Again, to you all, thank you for your continued support of my work and my writing! There are tons of blogs on the internet, so I am grateful for every single time you take a few minutes to read one of mine. I am so looking forward to sharing and learning with you all as I embark on this next chapter of my life. Please stop by often, and remember to leave me a comment so I know you’re reading!

Happy Birthday to Me!

Queer Women of Color Still Face Racism During Pride, Among Other Things

In response to mainstream prides everywhere, including both the racism and sexism that pervades the larger gay community, Queer Women of Color and Friends (QWOC+ Boston) hosts OPTIONZ — in its fifth year — tonight, a highly anticipated annual pride party specifically created to provide a space for lesbian, gay,bisexual, transgender and queer women of color and their friends, supporters, and allies during pride. But as excited as I am about QWOC+ Boston’s work in ensuring that we — women of color — are celebrated and visible during pride, that this is not the main subject of my post. If you follow QWOC+ Boston, you may have noticed on Facebook or any of our other social media channels, that our OPTIONZ party needed to be relocated to a new venue.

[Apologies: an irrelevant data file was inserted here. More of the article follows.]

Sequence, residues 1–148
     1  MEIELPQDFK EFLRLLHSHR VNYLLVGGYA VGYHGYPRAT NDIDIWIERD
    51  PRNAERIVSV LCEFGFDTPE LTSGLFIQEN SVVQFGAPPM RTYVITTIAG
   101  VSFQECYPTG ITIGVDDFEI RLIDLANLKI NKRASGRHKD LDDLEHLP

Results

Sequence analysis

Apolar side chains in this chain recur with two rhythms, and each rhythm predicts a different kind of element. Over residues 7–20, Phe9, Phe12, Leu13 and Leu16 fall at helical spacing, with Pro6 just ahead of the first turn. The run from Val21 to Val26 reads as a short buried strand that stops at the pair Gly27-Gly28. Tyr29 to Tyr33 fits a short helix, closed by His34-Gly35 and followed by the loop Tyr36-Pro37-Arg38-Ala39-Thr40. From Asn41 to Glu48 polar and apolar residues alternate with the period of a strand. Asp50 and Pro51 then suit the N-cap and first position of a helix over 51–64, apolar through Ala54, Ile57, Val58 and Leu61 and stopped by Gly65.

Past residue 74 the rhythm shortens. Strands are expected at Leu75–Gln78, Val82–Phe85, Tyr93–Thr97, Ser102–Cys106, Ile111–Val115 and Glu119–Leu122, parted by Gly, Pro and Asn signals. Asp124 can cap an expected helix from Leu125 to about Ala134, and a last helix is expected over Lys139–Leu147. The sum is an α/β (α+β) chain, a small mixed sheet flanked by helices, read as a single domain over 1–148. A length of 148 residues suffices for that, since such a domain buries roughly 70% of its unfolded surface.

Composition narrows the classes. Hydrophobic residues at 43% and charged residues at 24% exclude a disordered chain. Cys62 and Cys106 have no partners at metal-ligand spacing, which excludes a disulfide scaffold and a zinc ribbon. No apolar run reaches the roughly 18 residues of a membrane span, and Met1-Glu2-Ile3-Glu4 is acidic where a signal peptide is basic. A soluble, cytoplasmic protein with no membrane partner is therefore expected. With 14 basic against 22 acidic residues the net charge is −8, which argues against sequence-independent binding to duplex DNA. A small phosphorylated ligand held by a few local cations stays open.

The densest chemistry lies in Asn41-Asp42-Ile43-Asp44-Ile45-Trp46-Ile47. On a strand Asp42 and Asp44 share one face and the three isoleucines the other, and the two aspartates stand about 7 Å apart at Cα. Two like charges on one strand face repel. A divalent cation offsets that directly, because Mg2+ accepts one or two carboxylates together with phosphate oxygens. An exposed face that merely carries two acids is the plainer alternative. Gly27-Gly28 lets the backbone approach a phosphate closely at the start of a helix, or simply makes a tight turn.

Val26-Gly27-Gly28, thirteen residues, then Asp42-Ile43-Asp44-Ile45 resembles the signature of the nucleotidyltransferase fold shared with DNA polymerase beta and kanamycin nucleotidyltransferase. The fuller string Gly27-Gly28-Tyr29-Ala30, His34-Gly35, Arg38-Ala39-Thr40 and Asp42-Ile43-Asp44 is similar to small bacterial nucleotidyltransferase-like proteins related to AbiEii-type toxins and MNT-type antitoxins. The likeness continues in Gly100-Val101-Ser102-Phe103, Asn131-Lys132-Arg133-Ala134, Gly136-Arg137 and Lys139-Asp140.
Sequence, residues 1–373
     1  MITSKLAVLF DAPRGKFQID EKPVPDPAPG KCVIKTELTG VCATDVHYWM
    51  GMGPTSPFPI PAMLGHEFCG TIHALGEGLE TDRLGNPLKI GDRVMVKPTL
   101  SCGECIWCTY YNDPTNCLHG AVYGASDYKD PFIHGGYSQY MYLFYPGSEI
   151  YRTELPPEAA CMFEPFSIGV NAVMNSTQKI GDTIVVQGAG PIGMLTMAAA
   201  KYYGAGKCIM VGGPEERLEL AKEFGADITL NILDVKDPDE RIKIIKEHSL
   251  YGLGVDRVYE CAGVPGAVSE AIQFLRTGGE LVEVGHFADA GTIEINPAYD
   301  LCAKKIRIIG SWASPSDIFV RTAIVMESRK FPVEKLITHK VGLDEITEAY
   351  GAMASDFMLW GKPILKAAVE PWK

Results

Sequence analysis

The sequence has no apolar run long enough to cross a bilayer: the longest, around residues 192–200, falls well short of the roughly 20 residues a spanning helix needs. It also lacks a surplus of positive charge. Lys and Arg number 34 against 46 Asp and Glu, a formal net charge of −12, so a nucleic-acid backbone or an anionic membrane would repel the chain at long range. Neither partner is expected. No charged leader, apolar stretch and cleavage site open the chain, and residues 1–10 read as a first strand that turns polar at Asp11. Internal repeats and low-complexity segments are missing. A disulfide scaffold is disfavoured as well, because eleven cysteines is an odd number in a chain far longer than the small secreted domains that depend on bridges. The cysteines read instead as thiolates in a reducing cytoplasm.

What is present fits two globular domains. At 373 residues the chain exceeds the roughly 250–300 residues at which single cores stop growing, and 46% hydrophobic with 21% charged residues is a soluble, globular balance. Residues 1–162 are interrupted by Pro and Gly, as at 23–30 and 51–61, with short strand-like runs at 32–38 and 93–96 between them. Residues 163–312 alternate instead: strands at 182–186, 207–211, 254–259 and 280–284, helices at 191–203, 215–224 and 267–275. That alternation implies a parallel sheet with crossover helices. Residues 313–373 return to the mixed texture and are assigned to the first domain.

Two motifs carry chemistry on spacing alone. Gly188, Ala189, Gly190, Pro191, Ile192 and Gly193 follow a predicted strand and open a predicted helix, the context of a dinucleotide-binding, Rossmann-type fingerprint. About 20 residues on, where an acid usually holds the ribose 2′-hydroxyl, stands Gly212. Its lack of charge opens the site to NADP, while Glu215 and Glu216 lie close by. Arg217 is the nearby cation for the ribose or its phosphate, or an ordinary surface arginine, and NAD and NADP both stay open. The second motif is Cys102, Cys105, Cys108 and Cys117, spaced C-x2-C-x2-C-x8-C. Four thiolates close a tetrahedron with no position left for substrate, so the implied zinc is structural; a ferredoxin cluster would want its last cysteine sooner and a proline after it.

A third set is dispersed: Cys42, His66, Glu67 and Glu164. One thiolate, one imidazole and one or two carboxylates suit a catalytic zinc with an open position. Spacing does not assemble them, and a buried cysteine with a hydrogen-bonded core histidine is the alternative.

The reason for the venue change is that, last-minute, the previous venue, Caprice Lounge, presented me with some new terms: “No Hip Hop music, because of issues we’ve had in the past.”

Now, QWOC+ Boston has had a long-standing relationship with Caprice; we’ve been hosting events at their venue for the past three years. The reason, they gave, for the new policy was due to some recent violence that ensued after a Hip Hop show they hosted. Besides the fact that we’ve never had a single fight break out at a QWOC+ Boston event, it seemed ludicrous that the management had decided to villainize an entire genre of music based on a one-off incident. Something else that really pissed me off is that after informing us that we could not play Hip Hop at our party, we were offered a slew of other genres we could play as substitute including… (wait for it)… Rock music. So while we’re on stereotypes, it’s okay to play angry white man music, but not angry black man music? Wow.